Talented, Deep, Experienced Lineup Has Beavers Excited For 2004-05 Campaign
June 23, 2004
CORVALLIS, Ore. - -
What has Oregon State basketball fans excited about the 2004-2005 season? How about all five starters returning and 11 lettermen overall? How about four newcomers who will make an immediate impact, including three who were in the program last year? How about the deepest most experienced bench in decades? How about a combination of them all?
Third-year head coach Jay John has taken the Oregon State basketball program from a shell of its former self to having fans' expectations at their highest since the early 1990s.
'We were excited about the team last year, but we knew we were young, thin at positions depth-wise and had a certain learning curve,' John said. 'This year our players have a year of experience, they are wiser and they are stronger. I'm excited about what this team can be.'
What this team can be is - Oregon State's first winning club since 1990 and a group that can finish in the top half of the Pac-10 Conference season and experience postseason play.
The attention for this year's team, at least early, will be the return of senior forward David Lucas (6-7, 246). The power forward went from a walkon who played a total of 29 minutes in 2001-2002 to a first team All-Pacific-10 Conference selection last season. He is one of the promising stars of the league in 2004-2005 after averaging 17.2 points (4th in the Pac-10) and 6.9 rebounds (9th). He also was among the league leaders for field goal percentage at .511.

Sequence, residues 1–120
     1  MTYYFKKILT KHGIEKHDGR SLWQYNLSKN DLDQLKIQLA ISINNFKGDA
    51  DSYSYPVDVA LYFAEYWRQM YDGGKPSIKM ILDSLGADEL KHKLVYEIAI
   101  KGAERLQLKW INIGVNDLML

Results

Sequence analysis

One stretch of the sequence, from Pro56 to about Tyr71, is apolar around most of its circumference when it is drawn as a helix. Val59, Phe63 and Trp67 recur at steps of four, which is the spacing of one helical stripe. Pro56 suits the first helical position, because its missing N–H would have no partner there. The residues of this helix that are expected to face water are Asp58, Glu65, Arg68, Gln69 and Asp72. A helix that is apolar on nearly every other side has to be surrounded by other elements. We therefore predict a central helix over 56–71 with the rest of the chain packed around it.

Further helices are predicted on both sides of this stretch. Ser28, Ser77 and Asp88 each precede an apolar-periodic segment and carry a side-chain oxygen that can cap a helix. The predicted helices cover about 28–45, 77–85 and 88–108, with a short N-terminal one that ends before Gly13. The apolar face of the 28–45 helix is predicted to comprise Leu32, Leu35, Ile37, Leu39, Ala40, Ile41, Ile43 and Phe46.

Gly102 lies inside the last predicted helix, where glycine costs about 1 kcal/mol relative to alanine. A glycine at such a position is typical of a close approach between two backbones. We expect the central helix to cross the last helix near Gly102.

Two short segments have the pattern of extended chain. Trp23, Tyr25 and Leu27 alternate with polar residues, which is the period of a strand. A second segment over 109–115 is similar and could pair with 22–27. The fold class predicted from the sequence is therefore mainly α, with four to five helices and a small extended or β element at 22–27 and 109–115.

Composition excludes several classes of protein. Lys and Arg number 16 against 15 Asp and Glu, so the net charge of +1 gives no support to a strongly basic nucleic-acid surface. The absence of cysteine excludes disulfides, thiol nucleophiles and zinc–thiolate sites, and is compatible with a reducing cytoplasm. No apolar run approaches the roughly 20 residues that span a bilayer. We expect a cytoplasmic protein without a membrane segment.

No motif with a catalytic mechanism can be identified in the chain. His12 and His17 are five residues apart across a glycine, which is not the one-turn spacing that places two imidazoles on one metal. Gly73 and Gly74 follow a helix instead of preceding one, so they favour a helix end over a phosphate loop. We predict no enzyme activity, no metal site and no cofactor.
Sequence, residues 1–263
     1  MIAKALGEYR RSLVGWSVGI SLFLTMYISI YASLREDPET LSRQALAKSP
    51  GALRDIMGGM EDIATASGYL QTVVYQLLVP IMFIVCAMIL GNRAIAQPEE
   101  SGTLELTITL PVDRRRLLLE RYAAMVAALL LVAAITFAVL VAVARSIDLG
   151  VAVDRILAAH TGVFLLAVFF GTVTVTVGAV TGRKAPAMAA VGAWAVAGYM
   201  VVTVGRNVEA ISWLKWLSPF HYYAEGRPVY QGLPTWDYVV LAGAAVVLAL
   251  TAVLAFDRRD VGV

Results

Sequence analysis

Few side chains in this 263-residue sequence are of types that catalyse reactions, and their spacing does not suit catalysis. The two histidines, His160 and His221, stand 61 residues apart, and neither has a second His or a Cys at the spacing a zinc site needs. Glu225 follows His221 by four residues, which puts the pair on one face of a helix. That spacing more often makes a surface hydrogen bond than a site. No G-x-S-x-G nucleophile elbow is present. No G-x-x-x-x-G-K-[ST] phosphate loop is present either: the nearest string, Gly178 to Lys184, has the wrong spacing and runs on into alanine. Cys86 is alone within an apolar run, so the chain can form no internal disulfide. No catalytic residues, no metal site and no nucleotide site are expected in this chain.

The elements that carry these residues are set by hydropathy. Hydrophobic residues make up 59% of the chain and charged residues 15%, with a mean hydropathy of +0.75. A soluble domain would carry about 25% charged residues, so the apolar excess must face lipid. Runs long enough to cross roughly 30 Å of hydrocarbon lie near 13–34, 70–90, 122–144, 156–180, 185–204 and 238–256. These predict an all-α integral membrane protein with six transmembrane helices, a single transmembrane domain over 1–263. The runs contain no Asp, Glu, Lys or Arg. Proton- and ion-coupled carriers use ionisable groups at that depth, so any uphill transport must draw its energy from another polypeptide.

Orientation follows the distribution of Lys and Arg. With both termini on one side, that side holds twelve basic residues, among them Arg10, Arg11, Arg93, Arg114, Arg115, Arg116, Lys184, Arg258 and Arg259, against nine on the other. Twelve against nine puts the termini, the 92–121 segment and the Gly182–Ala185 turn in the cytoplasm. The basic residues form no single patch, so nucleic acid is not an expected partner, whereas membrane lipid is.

'David is going to be a better all-around player this season because of his conditioning,' John said. 'Last year was his first full season of play and as the year progressed his statistics improved - that's a direct result of conditioning. He will be better this year because he will start the season in better shape.'
Lucas is joined in the paint by returning starter, sophomore Kyle Jeffers (6-9, 270). Jeffers started 23 games last season as a true freshman and averaged 5.1 points and 4.8 rebounds. He showed glimpses last year of what lies ahead and as his conditioning and strength improves, he will likely be a major factor in the team's success this season and in future years.
'Kyle needs to develop into a primary scorer and I think that is a natural progression for a young player to make as he gains experience,' John said. 'Kyle has a great competitive attitude and he wants to win. He also is an outstanding rebounder and has the chance to be one of the school's best ever in that category.'